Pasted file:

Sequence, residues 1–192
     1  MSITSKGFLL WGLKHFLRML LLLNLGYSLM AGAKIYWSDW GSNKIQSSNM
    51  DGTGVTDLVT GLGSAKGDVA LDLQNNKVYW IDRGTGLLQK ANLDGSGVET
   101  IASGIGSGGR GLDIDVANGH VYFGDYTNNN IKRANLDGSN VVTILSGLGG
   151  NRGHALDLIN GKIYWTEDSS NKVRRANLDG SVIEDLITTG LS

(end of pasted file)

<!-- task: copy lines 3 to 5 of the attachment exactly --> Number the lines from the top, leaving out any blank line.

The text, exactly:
    51  DGTGVTDLVT GLGSAKGDVA LDLQNNKVYW IDRGTGLLQK ANLDGSGVET
   101  IASGIGSGGR GLDIDVANGH VYFGDYTNNN IKRANLDGSN VVTILSGLGG
   151  NRGHALDLIN GKIYWTEDSS NKVRRANLDG SVIEDLITTG LS